Philadelphia Eagles

Eagles ST coach Clay: ‘Always going to be hard on myself'


Michael Clay’s goal is for his special teams units to help the Eagles win a Super Bowl.

The Eagles might win a Super Bowl, but at least so far it’s not because of special teams. 

It’s despite special teams.

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“I think in any profession - as journalists and myself as coaches - when you feel like you didn't do as well as you possibly could do, you're going to feel bad about it,” Clay said. “You always want to strive for perfection in this profession because it is a production-based business.

“For myself, I don't think anybody is a harder critic than myself. Even if it was a 10-yard punt return, I'm always going to want to strive to be better to get us going and create a long field for the defense. If we get tackled inside the 20, I'm not going to feel good about our kickoff return right there.”

Sunday was another disaster for Clay’s special teams.

The Packers’ Keisean Nixon had returns of 38, 52 and 53 yards in the Eagles’ 40-33 win, and he became the first player with three kick returns over 35 yards against the Eagles since David Wilson had four of them - 36, 45, 48 and 53 yards - in the Eagles’ 19-17 win over the Giants early in 2012 at the Linc.

Nixon’s 38-yarder gave the Packers possession at their 41 and led to a touchdown, his 52-yarder gave the Packers possession near midfield but the Eagles’ defense forced a 3-and-out, and his 53-yarder also gave the Packers’ offense the ball just inside midfield and set up a field goal.

Eagles kick coverage was so feeble Nixon brought out the last two returns from five and six yards deep. 

But this is the way the season has gone for Eagles special teams. They’ve gotten fooled on two fake punts, had a field goal blocked, muffed two punts, committed costly penalties and now almost lost a game because of terrible kick coverage.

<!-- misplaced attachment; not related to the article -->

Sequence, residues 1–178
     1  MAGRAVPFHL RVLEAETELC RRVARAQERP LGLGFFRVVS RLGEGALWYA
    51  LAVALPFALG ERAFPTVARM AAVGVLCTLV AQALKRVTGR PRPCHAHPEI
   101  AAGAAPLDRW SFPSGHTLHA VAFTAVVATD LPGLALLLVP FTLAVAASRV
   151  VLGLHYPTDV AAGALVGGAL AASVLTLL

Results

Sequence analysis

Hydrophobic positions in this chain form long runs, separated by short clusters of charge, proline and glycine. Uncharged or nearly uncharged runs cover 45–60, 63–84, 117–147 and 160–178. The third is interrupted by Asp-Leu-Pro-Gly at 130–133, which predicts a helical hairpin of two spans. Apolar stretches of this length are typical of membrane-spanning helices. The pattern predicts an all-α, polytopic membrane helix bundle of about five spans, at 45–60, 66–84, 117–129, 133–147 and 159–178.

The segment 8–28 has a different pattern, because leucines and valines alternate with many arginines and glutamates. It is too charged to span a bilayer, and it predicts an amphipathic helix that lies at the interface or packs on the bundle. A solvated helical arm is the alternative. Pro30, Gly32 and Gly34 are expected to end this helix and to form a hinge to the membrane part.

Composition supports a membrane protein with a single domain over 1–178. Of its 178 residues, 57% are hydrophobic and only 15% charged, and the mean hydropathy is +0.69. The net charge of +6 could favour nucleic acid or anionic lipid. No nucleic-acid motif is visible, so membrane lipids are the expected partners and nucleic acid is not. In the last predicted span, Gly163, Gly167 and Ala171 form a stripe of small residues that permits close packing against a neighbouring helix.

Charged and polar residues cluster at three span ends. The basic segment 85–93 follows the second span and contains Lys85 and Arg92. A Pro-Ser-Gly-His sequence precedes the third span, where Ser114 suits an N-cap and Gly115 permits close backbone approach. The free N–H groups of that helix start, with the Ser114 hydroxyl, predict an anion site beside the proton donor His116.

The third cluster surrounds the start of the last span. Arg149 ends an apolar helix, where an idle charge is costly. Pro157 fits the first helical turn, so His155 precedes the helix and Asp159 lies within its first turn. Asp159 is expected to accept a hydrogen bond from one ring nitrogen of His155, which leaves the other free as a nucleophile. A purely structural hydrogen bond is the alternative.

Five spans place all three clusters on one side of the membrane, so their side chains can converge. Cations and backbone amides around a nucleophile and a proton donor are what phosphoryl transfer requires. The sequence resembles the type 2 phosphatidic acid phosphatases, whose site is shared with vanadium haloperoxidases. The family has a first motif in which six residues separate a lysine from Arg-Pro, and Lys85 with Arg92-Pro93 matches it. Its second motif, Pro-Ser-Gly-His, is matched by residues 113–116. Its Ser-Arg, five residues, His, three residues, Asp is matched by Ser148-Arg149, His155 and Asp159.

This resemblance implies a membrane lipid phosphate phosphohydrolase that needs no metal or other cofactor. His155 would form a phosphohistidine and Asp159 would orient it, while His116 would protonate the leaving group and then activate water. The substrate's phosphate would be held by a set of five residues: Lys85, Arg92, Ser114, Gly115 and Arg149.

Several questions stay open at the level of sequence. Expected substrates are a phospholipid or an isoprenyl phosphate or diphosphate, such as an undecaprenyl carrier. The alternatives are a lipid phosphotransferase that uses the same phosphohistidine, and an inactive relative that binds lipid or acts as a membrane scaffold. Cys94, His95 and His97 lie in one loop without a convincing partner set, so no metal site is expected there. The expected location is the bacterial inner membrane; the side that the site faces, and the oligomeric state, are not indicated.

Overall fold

Clay, in his second year back with the Eagles after coaching here under Dave Fipp on Chip Kelly’s staff in 2014 and 2015, said he takes performances like this personally.

“The goals that I have in my mind, knowing who we have on this team to help this team get to the ultimate goal, which is let's win the division, let’s make a playoff run, and let’s get to the Super Bowl, it's always not going to feel good coming back after that performance.

“I'm always fortunate enough to look back at it, whereas you won. It's hard to win in the NFL. Again, I'm always going to be hard on myself. Just the person I am, just how I was raised from my parents, just to strive to be the best I possibly be and get these guys to play at a level I know they can play.

“Again, 10-1 in the NFL, being able to help out in a playoff run, that's awesome to wake up every morning to say, ‘Hey, I can help make this team better in terms of that.’ But it all starts from … looking at the film, looking myself in the mirror (and asking), ‘How can I get these guys better? What drills can I do? How can I explain it better to them where they understand it and it clicks and they can play a little bit faster.’

“Yes, I’m going to be disappointed in myself, but, again, I have the opportunity to help make this team better going forward in these last six weeks.”

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Clay said Howie Roseman pulled him aside on Monday, a day after special teams’ latest disaster, and gave him a sort of vote of confidence, reminding him that despite all of his group’s issues, the Eagles are 10-1 with the best record in the NFL and a clear path to the No. 1 seed in the NFC.

“You have a sour taste in your mouth, but you’ve also got to look at the big picture again,” Clay said. “ I've been in situations back-to-back years where I was 1-10 through 11 games. Howie kind of said this to me: ‘We're 10-1, so there are a lot worse situations.’"

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